Crunchy leaves. Cozy sweaters. Hearty supper soups. Yep, autumn is here in central North Carolina, a welcome relief after five months of heat and humidity. Join me for inspiration and smiles as I search for autumn bliss and reveal what I’m reading, watching, getting excited about, and more to enjoy this season.
How can a book be well-written, witty, delightful and heart-breaking all rolled into one?
Dunno, but Elizabeth Gilbert pulls it off.
The author’s clever narrative revolves around an elderly woman, who writes to a younger woman about her then-young life with a theater company in New York City in the 1940s. We’re surrounded by rich characters supporting this coming of age story told in flashbacks to keep you guessing as Gilbert slowly reveals the protagonist's bittersweet secret.
The audiobook is narrated by another one of my faves, Blair Brown, Tony Award-winning stage actress and star of television and film. A must-read for Gilbert fans in print or audio!
Getting Excited About
I'm not attending the Readers' Favorite Book Awards for Sweet T and the Turtle Team's silver medal in Miami this fall. But it's all good.
Spouse JM and I had already earmarked our travel budget on a bucket list trip to Arizona in the American southwest. We're pumped about taking gentle hikes around Sedona's red rocks country, discovering native peoples' ancient dwellings in national parks, enjoying Flagstaff's laid-back lifestyle at 7,000 feet/2.1 km. elevations, and exploring The Big Kahuna .... the Grand Canyon!
I'm also looking for literary influences in this land of stark beauty and rugged landscapes. I can only think of Barbara Kingsolver's Bean Trees.. Any suggestions for me?
And I must see landscapes immortalized on the silver screen where John Wayne and other Hollywood cowboys giddy-upped into film legend.
Oooooo....feeling another blog post coming on! Stay tuned for a photo walk about my Arizona discoveries here on Cat's Corner..
What an adventure co-writing a middle-grade book with author Rosie Russell .... especially since we live more than 1,000 miles apart.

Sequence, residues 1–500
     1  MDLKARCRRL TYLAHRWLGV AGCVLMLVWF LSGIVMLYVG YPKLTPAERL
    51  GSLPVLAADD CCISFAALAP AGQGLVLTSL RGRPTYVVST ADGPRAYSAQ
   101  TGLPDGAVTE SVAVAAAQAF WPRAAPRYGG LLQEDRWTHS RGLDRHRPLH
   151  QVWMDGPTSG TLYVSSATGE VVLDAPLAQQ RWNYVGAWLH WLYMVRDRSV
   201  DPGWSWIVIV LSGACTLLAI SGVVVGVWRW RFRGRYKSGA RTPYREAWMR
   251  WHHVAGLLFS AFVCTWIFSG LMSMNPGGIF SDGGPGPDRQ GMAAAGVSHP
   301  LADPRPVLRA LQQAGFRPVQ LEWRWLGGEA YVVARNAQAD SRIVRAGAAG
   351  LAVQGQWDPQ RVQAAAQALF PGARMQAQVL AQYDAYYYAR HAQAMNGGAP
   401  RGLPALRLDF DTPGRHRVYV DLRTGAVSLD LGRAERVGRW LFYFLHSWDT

But regular phone convos, emails, and chapters drafted and uploaded to a shared cloud drive keep us connected. We’re about 25% into the book. Hoping to finish by spring.
Hey, if you have a minute, can you have a look at our *draft log line* below?
"A shy 11-year-old farm girl
just wants to survive fifth grade.
But the new girl in school is out to take her down
and crush her dreams
of entering her horse at the county fair."
What do you think? Rosie and I would be most grateful for your feedback.
Does the log line tell you enough about the story without giving too much away?
Might it draw fifth grade readers (likely girls, although we have boys as secondary characters)?
* log line: a 1 or 2 sentence description of a story's central conflict and plot synopsis
It's a waiting game until December.
I submitted my 3-page summary of Sweet T and the Turtle Team to Wind Dancer Films for the producers to consider for a movie or TV adaptation.
I get tickled thinking about what actor could play which character in my tale. I wonder how the turtles and nests would be shown? What about the bullying scenes? And the tropical storm? I'd love for it to be filmed on location in North Carolina.
It's fun to think about possibilities, but I don't want to get ahead of myself. My research says a a book pitch has about a 4% chance of actually making it to the screen. Plus, there are production technicalities and values that I don't understand, so it's more than just the book's quality..